Comparatively, “In Dreams,” “Living The Lie,” and “Shivers” certainly are capable of standing side-by-side with the best tracks ever formulated by Dio. “In Dreams” has a great guitar solo, and is the most “Sabbath-like” of the 3. “Living The Lie” is the most conventional Dio-sounding track with a tempo faster than what is typical on this album. “Shivers” is driven by a very heavy and prominent drumbeat, and certainly benefits from the genius of Dio’s lyrics.


A few of the songs seem to need a proverbial “kick in the pants” to get going and to climb over the hump. In particular, “I Am,” the title track “Master Of The Moon,” “The Eyes,” and “The Man Who Would Be King” seem to all have great potential, but seem to lack punch or a key twist to make them stand out as stellar.

Surprisingly too, the other 5 tracks not noted in the WHAT’S GOOD section, “Death By Love,” “I Am,” “Master Of The Moon,” “One More For The Road,” and “The Eyes” all have kind of lame lyrics when considering Dio standards. Here’s a few examples:

From “Death By Love” – “… Don’t ask why / Don’t even think about it / Brave men die / But what a way to go / She’s not above / Death by love …”
From “Master Of The Moon” – “… Turn around and when you face the sun / We can make you be like everyone you know / Hey you / Master of the moon …”

These 5 tracks give the listener the feel that Dio was close to coming up with something special, but opted just to get something down on paper that rhymed without being repetitive in content to previous works – who knows, maybe Dio is running short of ways to describe his 4th dimensional dreamland after all.

Lastly, the golden voice of Ronnie James Dio isn’t always so golden in this album. The mix often has him coming through with a bit too much volume, and his voice seems forced quite often – almost as if he’s straining to sing rather than naturally delivering his lyrical lines as in prior efforts. Don’t misconstrue these comments, however, even on an “off day,” Dio still ranks in the upper echelon of Metal front men.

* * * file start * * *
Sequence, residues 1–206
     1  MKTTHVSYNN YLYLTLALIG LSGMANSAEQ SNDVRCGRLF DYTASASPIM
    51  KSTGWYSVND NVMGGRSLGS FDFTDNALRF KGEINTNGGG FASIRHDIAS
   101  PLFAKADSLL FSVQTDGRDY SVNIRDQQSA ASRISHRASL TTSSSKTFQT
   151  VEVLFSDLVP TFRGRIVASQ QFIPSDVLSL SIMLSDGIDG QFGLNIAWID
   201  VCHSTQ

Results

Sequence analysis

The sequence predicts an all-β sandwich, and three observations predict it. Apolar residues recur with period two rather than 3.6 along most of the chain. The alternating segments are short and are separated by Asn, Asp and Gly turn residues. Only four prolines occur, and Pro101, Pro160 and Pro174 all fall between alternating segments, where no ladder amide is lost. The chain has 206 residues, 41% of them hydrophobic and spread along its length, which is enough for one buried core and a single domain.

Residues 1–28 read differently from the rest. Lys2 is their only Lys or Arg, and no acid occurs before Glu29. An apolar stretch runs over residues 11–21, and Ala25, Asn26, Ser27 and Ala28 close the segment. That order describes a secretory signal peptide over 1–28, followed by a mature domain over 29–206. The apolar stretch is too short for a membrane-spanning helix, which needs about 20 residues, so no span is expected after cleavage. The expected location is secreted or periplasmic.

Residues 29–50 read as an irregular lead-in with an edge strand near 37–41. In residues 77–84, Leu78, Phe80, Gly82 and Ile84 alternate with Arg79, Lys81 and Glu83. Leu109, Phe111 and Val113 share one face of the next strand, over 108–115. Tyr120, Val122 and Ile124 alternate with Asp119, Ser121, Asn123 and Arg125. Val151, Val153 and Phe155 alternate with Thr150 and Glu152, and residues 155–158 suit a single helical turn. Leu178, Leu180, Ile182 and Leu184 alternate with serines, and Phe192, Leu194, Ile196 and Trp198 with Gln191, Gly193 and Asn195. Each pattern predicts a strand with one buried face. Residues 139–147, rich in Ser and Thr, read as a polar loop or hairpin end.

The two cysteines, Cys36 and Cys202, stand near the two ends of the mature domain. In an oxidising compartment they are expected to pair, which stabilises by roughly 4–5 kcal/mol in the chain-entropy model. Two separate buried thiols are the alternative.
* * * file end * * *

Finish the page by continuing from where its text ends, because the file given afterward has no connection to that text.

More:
Subject to some obvious shortcomings, Master Of The Moon is actually a pretty solid album with a very successful music sound and approach. Dio fans will likely find enough highlights within this album to make the 2-year wait since his last album worthwhile. Dio shows he continues to have the talent and musical ideas to, at times, deliver some extremely high quality tracks. At other points, particularly with his voice, Dio may be starting to show his age. Nonetheless, let’s hope this Metal patriarch continues to carry the torch for our beloved musical genre for years to come!


Guitars: B-
Bass: B+
Keyboards: Sparsely Used
Percussion: B-
Vocals: B
Lyrics: B-
Recording Quality: B+
Originality: C
Overall Rating: B-


  • Dan Skiba

    Dan is a former partner at Metal Express Radio, and also served as a reviewer, photographer and interviewer on occasions. Based out of Indianapolis, USA he was first turned on to Hard Rock music in the mid-1970s when he purchased Deep Purple's Machine Head as his first album. He was immediately enthralled with the powerful guitar sound and pronounced drumbeat, and had to get more! His collection quickly expanded to include as many of Heavy Rock bands of the time that he could get his hands on, such as Ted Nugent, Judas Priest, and Black Sabbath, to name just a few.